Running A Productive Project Meeting
By Tim Kress, PMP
a concise clear agenda ahead of time. Each agenda item should have a
desired outcome and a timeframe. (See sample meeting agenda). Distribute
to attendees at least 24 hours in advance.
sure you book your meeting room and conference bridge ahead of time.
Include details in the meeting notice. Include the agenda.
that the conference room has sufficient seating for participants. This
sounds obvious, but if you donít have proper seating people will not be
sure that you sit in a central spot at the table where you are seen as
"in the middle" both literally and figuratively.
and bring copies of the agenda, issues list and project plan for
participants. Include hard copies of any document sent to participants
with the meeting invitation.
on time. Open the bridge line at the appointed meeting time. Donít wait
more than 5 minutes for late participants to start the meeting. Waiting
longer punishes those who took the initiative to be there on time.
you begin ask participants on the phone to identify themselves. If you
have a small group in the room, you may identify them for folks on the
phone. If the group is larger than 6 or 7 people, have participants go
round the room and introduce themselves. This should take no more than 3
- Run the
meeting off of the agenda. Address each issue as completely as you can in
the timeframe allocated. Itís ok to be flexible if the discussion is
proving to be productive but you have to stay at least near the agreed
upon timeframe to keep people happy.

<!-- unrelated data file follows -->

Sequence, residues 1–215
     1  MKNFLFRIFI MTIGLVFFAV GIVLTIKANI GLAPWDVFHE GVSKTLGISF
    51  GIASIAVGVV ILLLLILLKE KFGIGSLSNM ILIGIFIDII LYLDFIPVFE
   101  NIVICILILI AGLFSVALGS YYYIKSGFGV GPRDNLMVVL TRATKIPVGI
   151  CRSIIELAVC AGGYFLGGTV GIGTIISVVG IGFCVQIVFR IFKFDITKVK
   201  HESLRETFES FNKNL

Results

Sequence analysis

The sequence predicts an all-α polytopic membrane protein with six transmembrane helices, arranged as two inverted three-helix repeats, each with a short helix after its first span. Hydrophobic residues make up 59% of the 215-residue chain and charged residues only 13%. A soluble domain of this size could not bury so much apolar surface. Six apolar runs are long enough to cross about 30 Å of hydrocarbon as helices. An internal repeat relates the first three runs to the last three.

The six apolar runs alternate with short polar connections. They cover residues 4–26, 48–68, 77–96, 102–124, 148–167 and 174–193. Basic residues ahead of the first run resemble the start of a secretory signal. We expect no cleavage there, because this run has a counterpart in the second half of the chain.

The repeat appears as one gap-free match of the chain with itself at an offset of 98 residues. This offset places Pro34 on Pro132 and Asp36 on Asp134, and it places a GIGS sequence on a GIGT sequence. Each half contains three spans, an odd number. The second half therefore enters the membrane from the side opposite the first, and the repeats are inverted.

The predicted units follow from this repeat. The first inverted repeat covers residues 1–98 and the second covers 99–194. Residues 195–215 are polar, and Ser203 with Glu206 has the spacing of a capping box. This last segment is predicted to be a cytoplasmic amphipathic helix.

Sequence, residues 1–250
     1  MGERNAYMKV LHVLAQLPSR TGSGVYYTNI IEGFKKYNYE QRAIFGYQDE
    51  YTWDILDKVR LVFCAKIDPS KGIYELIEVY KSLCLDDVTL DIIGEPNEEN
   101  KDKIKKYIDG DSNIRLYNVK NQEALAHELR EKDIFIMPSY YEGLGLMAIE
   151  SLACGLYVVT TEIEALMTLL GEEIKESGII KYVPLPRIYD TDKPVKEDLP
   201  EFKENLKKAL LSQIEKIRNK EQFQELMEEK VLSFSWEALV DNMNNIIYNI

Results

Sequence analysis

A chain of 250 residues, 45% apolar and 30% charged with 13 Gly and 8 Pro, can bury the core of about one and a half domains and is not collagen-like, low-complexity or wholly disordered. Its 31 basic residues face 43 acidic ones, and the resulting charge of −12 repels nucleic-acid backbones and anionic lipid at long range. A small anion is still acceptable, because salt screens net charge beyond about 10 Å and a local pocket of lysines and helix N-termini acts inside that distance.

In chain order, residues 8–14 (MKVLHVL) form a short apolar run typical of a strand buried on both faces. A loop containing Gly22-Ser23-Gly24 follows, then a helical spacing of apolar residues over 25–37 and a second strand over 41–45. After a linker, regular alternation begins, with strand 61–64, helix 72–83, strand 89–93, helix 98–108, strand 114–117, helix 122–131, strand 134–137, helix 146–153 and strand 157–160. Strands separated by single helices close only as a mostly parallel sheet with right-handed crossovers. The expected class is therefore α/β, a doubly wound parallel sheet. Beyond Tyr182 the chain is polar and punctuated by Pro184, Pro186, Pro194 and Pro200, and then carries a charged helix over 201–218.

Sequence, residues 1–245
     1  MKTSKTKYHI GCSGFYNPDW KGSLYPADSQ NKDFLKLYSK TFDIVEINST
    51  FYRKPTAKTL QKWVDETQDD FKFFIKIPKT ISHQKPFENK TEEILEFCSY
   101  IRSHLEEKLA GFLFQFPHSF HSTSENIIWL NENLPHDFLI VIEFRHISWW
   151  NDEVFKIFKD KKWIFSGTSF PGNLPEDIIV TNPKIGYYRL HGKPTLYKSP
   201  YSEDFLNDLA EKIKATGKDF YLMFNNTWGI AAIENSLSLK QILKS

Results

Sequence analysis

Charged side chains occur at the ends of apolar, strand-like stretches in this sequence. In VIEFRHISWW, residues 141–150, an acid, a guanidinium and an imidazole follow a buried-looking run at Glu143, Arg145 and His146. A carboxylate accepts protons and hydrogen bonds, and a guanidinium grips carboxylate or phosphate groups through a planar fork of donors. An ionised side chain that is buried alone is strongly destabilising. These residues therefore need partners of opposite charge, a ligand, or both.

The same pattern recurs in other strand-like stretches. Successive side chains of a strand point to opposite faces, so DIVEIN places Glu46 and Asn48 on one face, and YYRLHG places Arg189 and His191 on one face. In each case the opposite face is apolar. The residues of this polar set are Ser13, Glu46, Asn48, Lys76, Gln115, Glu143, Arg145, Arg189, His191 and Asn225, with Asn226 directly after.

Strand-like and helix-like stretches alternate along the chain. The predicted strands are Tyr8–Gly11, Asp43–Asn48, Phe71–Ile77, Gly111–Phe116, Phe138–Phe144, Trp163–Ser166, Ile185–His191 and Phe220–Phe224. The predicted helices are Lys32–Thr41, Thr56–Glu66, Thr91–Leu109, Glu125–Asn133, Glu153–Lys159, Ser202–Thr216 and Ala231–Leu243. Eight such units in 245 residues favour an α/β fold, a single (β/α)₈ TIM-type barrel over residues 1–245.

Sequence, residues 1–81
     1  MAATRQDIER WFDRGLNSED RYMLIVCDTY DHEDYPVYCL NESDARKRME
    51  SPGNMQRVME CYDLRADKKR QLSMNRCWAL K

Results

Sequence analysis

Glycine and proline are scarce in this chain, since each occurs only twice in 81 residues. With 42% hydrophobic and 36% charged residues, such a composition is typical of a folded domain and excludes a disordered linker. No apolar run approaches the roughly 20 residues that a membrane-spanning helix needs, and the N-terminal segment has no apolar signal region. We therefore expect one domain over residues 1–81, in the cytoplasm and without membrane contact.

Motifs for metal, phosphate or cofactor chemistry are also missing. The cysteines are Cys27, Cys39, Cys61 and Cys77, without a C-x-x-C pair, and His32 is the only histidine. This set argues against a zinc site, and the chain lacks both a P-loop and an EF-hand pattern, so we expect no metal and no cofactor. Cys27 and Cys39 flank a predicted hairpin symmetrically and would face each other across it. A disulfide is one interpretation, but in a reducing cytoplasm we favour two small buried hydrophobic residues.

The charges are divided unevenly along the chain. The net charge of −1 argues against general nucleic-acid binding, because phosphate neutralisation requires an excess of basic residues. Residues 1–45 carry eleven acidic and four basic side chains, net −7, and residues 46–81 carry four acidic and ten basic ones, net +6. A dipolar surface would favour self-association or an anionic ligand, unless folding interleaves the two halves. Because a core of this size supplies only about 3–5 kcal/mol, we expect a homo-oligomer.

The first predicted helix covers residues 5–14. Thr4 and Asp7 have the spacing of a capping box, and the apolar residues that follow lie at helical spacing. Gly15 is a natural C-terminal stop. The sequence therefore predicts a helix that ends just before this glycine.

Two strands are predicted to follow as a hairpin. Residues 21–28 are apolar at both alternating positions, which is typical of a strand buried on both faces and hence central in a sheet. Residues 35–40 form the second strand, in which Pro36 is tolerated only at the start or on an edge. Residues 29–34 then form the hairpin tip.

sure each participant has the opportunity to bring up his concerns or
ideas. If some people are quiet or you have a person monopolizing the
discussion, prompt the reserved participants for comment.
- If you
have the luxury, appoint a scribe to take the meeting notes. This will
free you up to facilitate and participate in the discussion. If you donít
have a scribe, you will have to do three tasks simultaneously: take notes,
run the meeting, and participate in the discussion as a subject matter
expert. This isnít easy to do but these days it is becoming expected of a
project manager. This is where the art of the craft comes in to play. I
recommend that you write up the meeting summary shortly after the meeting,
particularly if you were juggling roles. If you wait a day, your notes
begin to make less sense to you.
ensure that people agree on decisions being made, I recommend you poll the
group casually as you go. I like to say something like "Does this
make sense?" or "Are we on the right track on this one?".
This technique ensures buy-in to decisions and gives dissenters one last
opportunity to voice their opinion. Asking for their consent and confirmation
of project direction is a great way to reach consensus.
- As the
meeting nears its end, I like to conclude with "Is there anything
else?". If there is, continue discussing and clarifying open or new
issues. If there isnít, end the meeting.
sure that the team knows when the next meeting is scheduled.
"Thank You" to your team. Let them know you appreciate their
Tim Kress, 2003
Tim Kress & Associates Project Management
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